Search All of the Math Forum:

Views expressed in these public forums are not endorsed by NCTM or The Math Forum.

Notice: We are no longer accepting new posts, but the forums will continue to be readable.

Topic: Matheology § 201
Replies: 32   Last Post: Jan 28, 2013 2:26 PM

 Messages: [ Previous | Next ]
 mueckenh@rz.fh-augsburg.de Posts: 18,076 Registered: 1/29/05
Re: Matheology § 201
Posted: Jan 28, 2013 3:45 AM

On 28 Jan., 08:44, William Hughes <wpihug...@gmail.com> wrote:
> On Jan 27, 11:23 pm, William Hughes <wpihug...@gmail.com> wrote:
>
>
>
>
>

> > On Jan 27, 11:16 pm, WM <mueck...@rz.fh-augsburg.de> wrote:
>
> > > On 27 Jan., 23:02, William Hughes <wpihug...@gmail.com> wrote:
>
> > > > On Jan 27, 10:39 pm, WM <mueck...@rz.fh-augsburg.de> wrote:
>
> > > > > On 27 Jan., 21:40, William Hughes <wpihug...@gmail.com> wrote:
>
> > > > > > On Jan 27, 6:46 pm, WM <mueck...@rz.fh-augsburg.de> wrote:
>
> > > > > > > On 27 Jan., 18:32, William Hughes <wpihug...@gmail.com> wrote:
>
> > > > > > > > On Jan 27, 6:05 pm, WM <mueck...@rz.fh-augsburg.de> wrote:
>
> > > > > > > > <snip>
>
> > > > > > > > >..the diagonal
> > > > > > > > > cannot differ from all lines
> > > > > > > > > (it differs from every line, though).

>
> > > > > > > > The fact that the diagonal differs from every line is
> > > > > > > > enough to show (induction) that the diagonal is not
> > > > > > > > equal to any line in the list.

>
> > > > > > > No.
>
> > > > > > Let the antidiagonal be d and the nth line be l(n)
>
> > > > > > We know that for each n in |N, d is not equal to l(n)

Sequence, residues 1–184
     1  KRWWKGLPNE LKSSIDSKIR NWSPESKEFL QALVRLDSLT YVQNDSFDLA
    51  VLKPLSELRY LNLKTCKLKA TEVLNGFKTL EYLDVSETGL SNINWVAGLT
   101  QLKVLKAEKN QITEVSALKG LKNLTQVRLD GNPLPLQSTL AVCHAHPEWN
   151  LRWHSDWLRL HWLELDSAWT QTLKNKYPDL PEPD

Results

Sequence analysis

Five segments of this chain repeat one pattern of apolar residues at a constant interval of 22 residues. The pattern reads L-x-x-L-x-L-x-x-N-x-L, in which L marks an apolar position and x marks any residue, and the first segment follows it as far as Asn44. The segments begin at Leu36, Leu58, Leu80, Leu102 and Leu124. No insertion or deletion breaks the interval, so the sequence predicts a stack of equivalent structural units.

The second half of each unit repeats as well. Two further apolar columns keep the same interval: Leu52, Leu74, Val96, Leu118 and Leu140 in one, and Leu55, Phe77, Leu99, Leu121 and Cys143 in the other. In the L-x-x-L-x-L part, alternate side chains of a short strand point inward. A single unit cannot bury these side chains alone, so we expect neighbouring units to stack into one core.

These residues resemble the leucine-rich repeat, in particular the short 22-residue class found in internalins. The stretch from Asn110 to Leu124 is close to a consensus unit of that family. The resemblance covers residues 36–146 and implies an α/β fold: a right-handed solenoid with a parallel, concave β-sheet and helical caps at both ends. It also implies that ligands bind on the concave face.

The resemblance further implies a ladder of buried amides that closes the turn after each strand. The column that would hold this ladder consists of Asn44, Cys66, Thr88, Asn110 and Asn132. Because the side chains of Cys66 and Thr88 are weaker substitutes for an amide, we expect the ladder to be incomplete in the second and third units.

>
> > > > > > You have agreed that this implies
>
> > > > > > There is no m in |N such that d equals l(m)
>
> > > > > No.
>
> > > > You contradict yourself.  You have agreed
> > > > that if P(n) is true for every n then
> > > > the is no n such that P(n) is false.

>
> > > Don't turn the words in my mouth.
>
> > You have apparently forgotten the
> > thread in which you agreed to this.

I did not agree to that,
>
> A simple proof.
>
> The statements
>
>     i.  for every natural number n, P(n) is true
>     ii. there exists a natural number m such that P(m)
>         is false
>
> cannot both be true at the same time.
> If you prove that i. is true then it follows
> that ii. is false.-

You have not yet understood. For every natural n, P(n) is true does
not imply anything about the existence of P(m). You have not yet
grasped that there is no "for all".

Of course for every n it is true that there are infinitely many
naturals beyond.
Of course there is no m such that there is no natural beyond.
But if you assume that all natural exist, then there is no natural
beyond all.

You must unederstand that, therefore, there is no "all naturals". All
we can do is state P(n) for every n. Nevertheless it is not
necessarily true for all n.

Regards, WM